The spigot of bad news inside the State Capitol gushes out more disappointment in terms of the dollars available to operate Louisiana government.
On Monday, the Revenue Estimating Conference that includes leaders of the house and senate agreed to lower revenue expectations for the current budget year by nearly $400 million. Oil prices are a huge part of the problem, but revenues are suffering in other areas, as well.
"We're all enjoying paying less for gasoline, but it's affecting our economy," said Sen. President John Alario, R-Westwego.
"We knew the oil prices were coming down, and we knew there was going to be adjustment with the oil," said House Speaker Chuck Kleckley, R-Lake Charles.
State economists urged the REC to reduce revenue expectations by almost $400 million for the budget year that start July 1. It's money the state thought would flow into its bank account.
"Employment numbers are slowing down, personal income growth slowly, slowing down," said Manfred Dix, chief economist for the Jindal administration.
The budget was based on the price of oil being around $60 a barrel. Monday it was adjusted down to less than $50 by the REC. But it was the fall of revenues elsewhere that surprised some the most.
"The surprise to me was how big the corporate income tax adjustments are going to be. That's half of the problem we saw today," Alario said.
He said the state is paying out more than is coming in, in terms of tax credits.
"It seems to have been a rush on the tax credits and the tax rebates that were coming in, hopefully that begins to level off now," Alario said.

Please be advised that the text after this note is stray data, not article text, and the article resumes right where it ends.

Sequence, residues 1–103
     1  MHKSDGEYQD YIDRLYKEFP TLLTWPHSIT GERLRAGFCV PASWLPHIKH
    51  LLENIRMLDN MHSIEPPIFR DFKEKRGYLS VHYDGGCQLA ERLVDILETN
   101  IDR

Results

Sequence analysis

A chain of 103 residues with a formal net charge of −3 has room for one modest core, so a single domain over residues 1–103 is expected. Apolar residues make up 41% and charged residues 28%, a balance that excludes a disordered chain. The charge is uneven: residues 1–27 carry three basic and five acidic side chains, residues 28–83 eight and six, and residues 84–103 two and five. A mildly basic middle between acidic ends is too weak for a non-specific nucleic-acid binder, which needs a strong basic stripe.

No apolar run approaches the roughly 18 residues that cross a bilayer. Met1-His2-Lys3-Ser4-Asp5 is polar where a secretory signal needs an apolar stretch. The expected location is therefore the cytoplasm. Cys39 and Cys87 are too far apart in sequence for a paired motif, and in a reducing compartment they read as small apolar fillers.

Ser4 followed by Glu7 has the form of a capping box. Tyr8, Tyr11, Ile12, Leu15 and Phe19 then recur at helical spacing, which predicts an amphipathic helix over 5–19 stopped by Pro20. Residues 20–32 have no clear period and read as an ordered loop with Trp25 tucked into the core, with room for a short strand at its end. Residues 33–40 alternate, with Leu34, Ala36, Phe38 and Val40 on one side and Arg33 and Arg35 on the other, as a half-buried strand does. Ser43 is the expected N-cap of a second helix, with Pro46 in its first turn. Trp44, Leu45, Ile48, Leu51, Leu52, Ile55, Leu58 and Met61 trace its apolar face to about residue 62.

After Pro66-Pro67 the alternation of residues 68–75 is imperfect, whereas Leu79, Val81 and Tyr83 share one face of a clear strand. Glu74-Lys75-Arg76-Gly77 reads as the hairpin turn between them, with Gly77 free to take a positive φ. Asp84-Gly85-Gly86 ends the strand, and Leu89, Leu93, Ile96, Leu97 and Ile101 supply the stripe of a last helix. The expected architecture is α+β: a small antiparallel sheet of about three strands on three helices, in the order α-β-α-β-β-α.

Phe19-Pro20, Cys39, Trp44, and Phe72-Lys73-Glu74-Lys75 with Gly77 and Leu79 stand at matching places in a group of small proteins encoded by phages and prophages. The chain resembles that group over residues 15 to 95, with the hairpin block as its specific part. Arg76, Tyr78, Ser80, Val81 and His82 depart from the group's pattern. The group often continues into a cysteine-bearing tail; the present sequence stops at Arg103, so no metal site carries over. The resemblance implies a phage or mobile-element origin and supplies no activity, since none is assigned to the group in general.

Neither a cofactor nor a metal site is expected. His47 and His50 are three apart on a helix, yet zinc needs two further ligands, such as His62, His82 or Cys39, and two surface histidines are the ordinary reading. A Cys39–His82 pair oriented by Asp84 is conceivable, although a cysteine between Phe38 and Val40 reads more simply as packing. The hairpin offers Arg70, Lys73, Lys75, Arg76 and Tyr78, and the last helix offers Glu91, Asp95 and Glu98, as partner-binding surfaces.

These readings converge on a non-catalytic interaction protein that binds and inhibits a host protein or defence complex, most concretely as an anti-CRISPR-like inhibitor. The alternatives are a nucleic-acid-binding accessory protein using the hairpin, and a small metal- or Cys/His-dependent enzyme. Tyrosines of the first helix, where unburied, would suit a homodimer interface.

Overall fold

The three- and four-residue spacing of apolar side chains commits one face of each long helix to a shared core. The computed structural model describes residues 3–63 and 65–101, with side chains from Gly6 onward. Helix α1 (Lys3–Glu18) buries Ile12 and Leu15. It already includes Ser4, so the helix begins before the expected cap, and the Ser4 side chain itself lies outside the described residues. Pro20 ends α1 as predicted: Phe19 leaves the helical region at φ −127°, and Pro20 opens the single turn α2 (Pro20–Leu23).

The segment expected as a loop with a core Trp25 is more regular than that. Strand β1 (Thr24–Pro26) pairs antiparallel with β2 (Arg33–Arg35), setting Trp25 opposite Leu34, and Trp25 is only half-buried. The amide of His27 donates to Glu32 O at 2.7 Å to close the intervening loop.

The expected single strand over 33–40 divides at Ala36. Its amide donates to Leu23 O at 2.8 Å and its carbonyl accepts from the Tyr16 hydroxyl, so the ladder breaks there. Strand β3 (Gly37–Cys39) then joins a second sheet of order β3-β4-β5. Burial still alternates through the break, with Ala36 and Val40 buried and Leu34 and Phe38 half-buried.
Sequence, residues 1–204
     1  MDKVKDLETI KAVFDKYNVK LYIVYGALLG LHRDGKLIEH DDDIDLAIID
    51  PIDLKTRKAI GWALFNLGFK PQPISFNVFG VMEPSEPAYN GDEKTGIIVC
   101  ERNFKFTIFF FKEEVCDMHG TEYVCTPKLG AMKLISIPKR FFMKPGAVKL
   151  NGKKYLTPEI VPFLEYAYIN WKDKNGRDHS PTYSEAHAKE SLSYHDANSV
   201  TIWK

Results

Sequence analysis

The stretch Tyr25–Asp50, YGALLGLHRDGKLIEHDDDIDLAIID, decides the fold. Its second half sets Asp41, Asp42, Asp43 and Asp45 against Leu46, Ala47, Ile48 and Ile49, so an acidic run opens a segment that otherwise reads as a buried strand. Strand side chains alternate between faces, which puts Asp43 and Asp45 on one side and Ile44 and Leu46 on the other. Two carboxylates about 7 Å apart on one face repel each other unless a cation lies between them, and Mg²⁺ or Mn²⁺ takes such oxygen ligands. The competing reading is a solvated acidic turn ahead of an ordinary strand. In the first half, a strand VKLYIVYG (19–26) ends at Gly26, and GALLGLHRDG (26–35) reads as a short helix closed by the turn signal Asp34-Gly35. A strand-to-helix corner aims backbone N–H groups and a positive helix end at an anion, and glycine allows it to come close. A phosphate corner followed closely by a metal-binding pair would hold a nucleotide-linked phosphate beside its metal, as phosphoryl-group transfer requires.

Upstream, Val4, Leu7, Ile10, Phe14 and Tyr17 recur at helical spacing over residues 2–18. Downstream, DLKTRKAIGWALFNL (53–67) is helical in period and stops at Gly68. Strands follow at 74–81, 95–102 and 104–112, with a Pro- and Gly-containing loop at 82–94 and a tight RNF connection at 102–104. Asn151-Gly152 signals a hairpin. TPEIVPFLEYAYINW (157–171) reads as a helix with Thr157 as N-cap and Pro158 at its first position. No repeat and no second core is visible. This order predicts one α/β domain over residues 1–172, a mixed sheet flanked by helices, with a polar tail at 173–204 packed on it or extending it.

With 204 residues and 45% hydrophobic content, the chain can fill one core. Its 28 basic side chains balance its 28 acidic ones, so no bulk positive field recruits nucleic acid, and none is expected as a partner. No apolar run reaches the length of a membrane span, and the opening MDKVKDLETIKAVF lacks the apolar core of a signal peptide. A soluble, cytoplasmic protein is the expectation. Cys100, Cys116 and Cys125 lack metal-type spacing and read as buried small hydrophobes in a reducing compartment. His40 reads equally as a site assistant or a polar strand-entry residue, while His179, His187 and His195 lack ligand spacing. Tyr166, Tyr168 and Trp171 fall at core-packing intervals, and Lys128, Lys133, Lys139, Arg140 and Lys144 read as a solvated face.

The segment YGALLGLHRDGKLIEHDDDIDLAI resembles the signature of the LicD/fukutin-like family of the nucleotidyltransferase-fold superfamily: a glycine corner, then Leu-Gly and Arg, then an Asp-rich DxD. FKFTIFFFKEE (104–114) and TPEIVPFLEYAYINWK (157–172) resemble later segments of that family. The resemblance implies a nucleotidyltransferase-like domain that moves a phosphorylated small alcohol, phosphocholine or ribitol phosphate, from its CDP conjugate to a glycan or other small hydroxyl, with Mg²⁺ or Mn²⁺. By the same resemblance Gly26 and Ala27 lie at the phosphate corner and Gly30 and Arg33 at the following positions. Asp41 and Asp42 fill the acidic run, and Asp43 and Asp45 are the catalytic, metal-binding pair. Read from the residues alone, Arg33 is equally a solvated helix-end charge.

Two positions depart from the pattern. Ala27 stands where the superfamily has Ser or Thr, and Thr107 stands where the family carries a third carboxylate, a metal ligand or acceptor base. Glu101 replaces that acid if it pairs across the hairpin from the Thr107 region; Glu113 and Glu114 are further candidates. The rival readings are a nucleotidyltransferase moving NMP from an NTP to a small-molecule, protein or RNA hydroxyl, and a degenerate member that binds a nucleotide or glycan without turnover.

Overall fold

"The state continues to spend more money than it takes in. We just adjusted the budget, which means a mid-year budget cut of $370 million," said State Treasurer John Kennedy.
The big question is whether higher education in Louisiana and state-funded health care services face more cuts.
"I'm hoping higher ed gets spared significantly. I think health care will have some adjustments. I think you'll probably see a hiring freeze," Alario said.
The current year's revenue shortfall is on top of the $117 million deficit for the fiscal year that ended June 30.
"We're about this far away from a credit downgrade. Now we've been able to hold the rating agencies off, I'm somewhat encouraged that we've been able to do that, but really it's going to depend on the actions that are going to be taken by our new governor, and our new legislature," Kennedy said.
Voters will elect the new governor on Saturday.
"I think both of the people who are running are well-qualified and ready to address this problem and jump right in to it, so I think we're anxious to go to work," Alario said.
The Jindal administration is expected to detail its proposals for dealing with deficit this Friday.